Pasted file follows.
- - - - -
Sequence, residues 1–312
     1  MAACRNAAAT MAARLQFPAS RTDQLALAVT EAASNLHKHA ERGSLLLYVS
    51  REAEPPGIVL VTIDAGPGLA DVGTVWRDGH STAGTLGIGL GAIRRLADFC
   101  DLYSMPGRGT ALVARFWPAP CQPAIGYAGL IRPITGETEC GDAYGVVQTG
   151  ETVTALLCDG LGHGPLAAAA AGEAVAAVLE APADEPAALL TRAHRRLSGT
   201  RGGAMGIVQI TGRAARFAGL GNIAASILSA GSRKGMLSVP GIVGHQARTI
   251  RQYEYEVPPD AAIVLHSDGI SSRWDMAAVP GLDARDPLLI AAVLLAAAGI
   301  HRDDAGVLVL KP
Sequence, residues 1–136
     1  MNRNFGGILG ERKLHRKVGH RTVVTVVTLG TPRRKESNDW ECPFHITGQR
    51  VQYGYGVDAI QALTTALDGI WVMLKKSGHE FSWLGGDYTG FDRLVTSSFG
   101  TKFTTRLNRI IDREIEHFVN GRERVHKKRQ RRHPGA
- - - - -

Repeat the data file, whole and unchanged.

Sequence, residues 1–312
     1  MAACRNAAAT MAARLQFPAS RTDQLALAVT EAASNLHKHA ERGSLLLYVS
    51  REAEPPGIVL VTIDAGPGLA DVGTVWRDGH STAGTLGIGL GAIRRLADFC
   101  DLYSMPGRGT ALVARFWPAP CQPAIGYAGL IRPITGETEC GDAYGVVQTG
   151  ETVTALLCDG LGHGPLAAAA AGEAVAAVLE APADEPAALL TRAHRRLSGT
   201  RGGAMGIVQI TGRAARFAGL GNIAASILSA GSRKGMLSVP GIVGHQARTI
   251  RQYEYEVPPD AAIVLHSDGI SSRWDMAAVP GLDARDPLLI AAVLLAAAGI
   301  HRDDAGVLVL KP
Sequence, residues 1–136
     1  MNRNFGGILG ERKLHRKVGH RTVVTVVTLG TPRRKESNDW ECPFHITGQR
    51  VQYGYGVDAI QALTTALDGI WVMLKKSGHE FSWLGGDYTG FDRLVTSSFG
   101  TKFTTRLNRI IDREIEHFVN GRERVHKKRQ RRHPGA